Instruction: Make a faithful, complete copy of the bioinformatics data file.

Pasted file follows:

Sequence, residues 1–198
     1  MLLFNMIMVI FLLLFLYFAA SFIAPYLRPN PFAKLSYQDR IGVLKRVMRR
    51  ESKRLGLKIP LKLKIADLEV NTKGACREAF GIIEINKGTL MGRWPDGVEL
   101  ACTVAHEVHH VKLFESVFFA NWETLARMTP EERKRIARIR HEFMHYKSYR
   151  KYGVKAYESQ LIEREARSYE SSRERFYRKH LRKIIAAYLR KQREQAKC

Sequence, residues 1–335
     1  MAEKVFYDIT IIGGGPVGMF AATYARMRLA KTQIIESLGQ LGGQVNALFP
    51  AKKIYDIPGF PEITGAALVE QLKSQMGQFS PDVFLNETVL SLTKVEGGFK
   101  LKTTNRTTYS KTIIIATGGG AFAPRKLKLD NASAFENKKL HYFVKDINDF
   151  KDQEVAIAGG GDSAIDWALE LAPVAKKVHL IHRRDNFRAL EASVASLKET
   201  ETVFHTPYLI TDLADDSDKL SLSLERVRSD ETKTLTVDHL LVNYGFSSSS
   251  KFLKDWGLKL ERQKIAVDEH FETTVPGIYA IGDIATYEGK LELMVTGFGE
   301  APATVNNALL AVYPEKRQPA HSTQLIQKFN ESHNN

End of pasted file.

Sequence, residues 1–198
     1  MLLFNMIMVI FLLLFLYFAA SFIAPYLRPN PFAKLSYQDR IGVLKRVMRR
    51  ESKRLGLKIP LKLKIADLEV NTKGACREAF GIIEINKGTL MGRWPDGVEL
   101  ACTVAHEVHH VKLFESVFFA NWETLARMTP EERKRIARIR HEFMHYKSYR
   151  KYGVKAYESQ LIEREARSYE SSRERFYRKH LRKIIAAYLR KQREQAKC

Sequence, residues 1–335
     1  MAEKVFYDIT IIGGGPVGMF AATYARMRLA KTQIIESLGQ LGGQVNALFP
    51  AKKIYDIPGF PEITGAALVE QLKSQMGQFS PDVFLNETVL SLTKVEGGFK
   101  LKTTNRTTYS KTIIIATGGG AFAPRKLKLD NASAFENKKL HYFVKDINDF
   151  KDQEVAIAGG GDSAIDWALE LAPVAKKVHL IHRRDNFRAL EASVASLKET
   201  ETVFHTPYLI TDLADDSDKL SLSLERVRSD ETKTLTVDHL LVNYGFSSSS
   251  KFLKDWGLKL ERQKIAVDEH FETTVPGIYA IGDIATYEGK LELMVTGFGE
   301  APATVNNALL AVYPEKRQPA HSTQLIQKFN ESHNN